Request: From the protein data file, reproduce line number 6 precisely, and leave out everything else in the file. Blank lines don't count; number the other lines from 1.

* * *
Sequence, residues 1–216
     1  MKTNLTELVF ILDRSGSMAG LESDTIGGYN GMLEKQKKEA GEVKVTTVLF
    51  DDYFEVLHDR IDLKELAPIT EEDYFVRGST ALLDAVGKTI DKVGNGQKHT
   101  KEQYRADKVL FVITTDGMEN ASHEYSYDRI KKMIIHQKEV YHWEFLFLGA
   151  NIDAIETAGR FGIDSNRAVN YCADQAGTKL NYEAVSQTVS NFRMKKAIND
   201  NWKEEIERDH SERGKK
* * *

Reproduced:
   201  NWKEEIERDH SERGKK